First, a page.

French financial services company BNP Paribas, (named the fourth largest bank in the world by Bloomberg and Forbes), has set a record we’re certain they’d gladly relinquish to someone else if only they could.

They’ve been ordered to pay a fine of nearly $9 billion over alleged U.S. sanctions violations (something that a Restricted or Denied Party Screening process combined with a country export license system could have prevented). The fine would amount to the largest penalty ever inflicted upon a European bank by the Office of Foreign Assets Control (OFAC). For those keeping score, the previous top dog was HSBC, who paid a $1.97 billion fine for money laundering and helping clients evade U.S. sanctions.

A spokesperson for BNP says they have “improved control processes to ensure mistakes do not occur again.” One would hope so. Investigations into BNP’s operations revealed billions of dollars of sanctions-violating transfers relating to Sudan between 2002 and 2009. It is mind-boggling to imagine just what sort of compliance processes were in place during those years.  Under the terms of the settlement about a dozen employees will be leaving the bank, while others will receive disciplinary action. The nature of the disciplinary action is unknown, but it’s a wonder how the punishment could possibly fit the crime when such a large amount of money is involved. To put this fine into perspective: BNP’s pre-tax income in 2013 was approximately $11.2 billion.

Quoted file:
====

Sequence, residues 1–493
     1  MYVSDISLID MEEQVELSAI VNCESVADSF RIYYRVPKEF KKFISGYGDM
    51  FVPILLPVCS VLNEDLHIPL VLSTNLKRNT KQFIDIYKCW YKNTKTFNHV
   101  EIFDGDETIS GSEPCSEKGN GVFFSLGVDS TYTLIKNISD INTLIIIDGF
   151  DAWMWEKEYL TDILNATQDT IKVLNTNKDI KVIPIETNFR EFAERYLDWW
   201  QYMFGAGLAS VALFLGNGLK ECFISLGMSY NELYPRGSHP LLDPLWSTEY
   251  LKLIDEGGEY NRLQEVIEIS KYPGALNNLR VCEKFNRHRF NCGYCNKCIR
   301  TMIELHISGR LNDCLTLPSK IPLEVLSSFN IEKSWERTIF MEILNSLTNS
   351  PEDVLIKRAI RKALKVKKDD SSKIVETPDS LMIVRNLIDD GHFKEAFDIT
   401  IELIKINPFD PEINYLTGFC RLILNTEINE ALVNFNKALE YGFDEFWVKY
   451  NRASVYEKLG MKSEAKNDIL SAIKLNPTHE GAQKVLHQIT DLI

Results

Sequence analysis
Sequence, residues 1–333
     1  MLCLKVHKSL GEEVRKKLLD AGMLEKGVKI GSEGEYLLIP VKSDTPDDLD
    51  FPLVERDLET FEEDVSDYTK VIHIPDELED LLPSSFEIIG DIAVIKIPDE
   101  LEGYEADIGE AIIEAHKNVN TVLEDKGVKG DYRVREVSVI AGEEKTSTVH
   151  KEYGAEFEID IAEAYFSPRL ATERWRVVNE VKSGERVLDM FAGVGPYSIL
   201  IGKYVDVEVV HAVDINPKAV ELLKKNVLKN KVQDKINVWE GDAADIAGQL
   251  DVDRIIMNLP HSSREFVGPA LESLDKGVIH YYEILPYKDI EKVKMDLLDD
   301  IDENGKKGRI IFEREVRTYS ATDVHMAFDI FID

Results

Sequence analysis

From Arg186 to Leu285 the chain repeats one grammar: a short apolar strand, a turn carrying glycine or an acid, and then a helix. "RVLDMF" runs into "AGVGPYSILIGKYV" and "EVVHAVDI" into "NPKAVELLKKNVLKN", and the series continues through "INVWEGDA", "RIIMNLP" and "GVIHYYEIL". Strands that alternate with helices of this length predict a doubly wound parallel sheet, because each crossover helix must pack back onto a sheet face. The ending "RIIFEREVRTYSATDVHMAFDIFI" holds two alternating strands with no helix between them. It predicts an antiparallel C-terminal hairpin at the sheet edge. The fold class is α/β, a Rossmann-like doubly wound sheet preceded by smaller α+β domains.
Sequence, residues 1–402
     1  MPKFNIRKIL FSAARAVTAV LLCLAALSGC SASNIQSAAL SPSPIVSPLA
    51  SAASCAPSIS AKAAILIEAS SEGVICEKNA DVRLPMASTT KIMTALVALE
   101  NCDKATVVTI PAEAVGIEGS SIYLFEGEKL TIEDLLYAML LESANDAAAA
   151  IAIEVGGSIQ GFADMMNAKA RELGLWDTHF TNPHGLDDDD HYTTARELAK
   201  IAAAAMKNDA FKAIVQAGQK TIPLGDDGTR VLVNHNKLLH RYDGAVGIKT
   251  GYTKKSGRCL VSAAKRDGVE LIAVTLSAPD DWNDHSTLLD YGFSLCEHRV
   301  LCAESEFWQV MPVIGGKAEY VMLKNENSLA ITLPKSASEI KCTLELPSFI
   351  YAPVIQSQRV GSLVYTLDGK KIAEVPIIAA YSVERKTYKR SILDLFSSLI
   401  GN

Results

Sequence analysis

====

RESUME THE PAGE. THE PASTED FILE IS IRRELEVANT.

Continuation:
BNP will be suspended from clearing US dollar transactions for up to one year, but the ban is not set to go into effect for at least six months. This way, BNP clients have time to sort out other arrangements for themselves and won’t be punished for their bank’s transgressions.  Meanwhile, the French government is understandably worried about the impact of the settlement on the French economy. French President Francoise Hollande entreated U.S. President Obama to ensure a “fair” penalty, while French diplomats have lobbied both the State Department and the U.S. Treasury. It’s BNP’s chief executive Jean-Laurent Bonnafe who has been best able to look on the bright side, telling The Guardian in what has to be the most optimistic statement of the year: “It will enable us to remove the current uncertainties that are weighing on our group. We will be able to put behind us these problems, which belong to the past.”

At the very least, BNP’s “past” should remind us all that OFAC doesn’t fool around when it comes to sanctions violations. It’s a reminder to all financial institutions to stay on top of compliance processes and personnel in their own organizations, upon whom so much depend.

After all, not everyone can afford a $9 billion lesson.